Only shrubs grew naturally in the sandy acid soil that farmer Volker Miros, 81, chose as a site to test the potential for truffle production in South Africa. The determined mycophile saw no reason why the highly prized fungi could not grow on the plateaus of South Africa’s rugged Cederberg mountains in the west of the country, where the climate is similar to that of Mediterranean Europe. In 2009, he imported spores of the French Perigord variety — touted as the “black diamond” of the culinary world — and used them to inoculate the roots of oak seedlings that were then planted in the area. After six years of trial and error, and tonnes of calcitic lime to counter the soil’s acidity, the first truffles were finally unearthed. Today the family is South Africa’s number one Perigord grower and supplier, with almost 100 hectares (250 acres) of truffle orchards planted not only in the Cederberg region but also in other pockets of the country with similar climates. The most prolific of the orchards yields close to 10 kilogrammes of truffles per hectare each season, which spans South Africa’s coldest months from June to August. The highest quality Miros truffle sells for around $1,370 per kilo this year, almost at par with the European market rates. Most buyers are local high-end restaurants that have only recently started to incorporate the delicacy into their dishes.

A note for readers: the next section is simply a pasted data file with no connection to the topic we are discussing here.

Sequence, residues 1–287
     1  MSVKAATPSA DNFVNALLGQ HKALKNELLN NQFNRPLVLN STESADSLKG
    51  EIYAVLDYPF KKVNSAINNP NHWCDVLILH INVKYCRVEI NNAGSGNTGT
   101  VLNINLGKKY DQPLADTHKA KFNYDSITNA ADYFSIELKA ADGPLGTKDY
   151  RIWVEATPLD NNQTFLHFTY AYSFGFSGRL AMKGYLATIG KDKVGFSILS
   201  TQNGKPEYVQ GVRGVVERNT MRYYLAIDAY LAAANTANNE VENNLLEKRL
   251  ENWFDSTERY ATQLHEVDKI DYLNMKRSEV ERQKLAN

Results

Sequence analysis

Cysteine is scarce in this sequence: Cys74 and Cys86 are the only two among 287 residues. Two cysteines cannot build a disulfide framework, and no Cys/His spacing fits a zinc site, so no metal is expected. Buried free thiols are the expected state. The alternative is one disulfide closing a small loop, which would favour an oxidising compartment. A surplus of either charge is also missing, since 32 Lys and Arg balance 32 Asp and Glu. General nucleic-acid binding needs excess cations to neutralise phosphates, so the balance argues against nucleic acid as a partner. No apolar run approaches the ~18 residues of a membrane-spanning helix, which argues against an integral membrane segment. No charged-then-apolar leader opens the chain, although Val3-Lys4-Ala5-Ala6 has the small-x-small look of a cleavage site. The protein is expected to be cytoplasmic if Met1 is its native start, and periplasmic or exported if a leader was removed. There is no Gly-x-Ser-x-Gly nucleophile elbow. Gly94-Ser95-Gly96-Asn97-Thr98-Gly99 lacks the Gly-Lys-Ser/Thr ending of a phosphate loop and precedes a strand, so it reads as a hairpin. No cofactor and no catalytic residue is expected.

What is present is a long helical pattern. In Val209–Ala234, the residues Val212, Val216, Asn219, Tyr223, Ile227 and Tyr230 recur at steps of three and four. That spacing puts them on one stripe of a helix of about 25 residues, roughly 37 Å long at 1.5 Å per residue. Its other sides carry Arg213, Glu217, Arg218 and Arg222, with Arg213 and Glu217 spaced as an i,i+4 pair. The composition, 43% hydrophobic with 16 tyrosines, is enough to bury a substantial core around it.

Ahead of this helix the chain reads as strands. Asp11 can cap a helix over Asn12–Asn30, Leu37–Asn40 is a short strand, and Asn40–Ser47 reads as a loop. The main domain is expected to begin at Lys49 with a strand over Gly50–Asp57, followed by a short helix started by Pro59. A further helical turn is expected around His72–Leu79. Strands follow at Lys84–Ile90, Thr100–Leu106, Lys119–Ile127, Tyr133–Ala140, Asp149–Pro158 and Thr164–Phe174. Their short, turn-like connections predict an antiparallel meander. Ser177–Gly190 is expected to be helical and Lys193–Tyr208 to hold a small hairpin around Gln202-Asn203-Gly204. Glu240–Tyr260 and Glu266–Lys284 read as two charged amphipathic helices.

SOURCE: AFRICA NEWS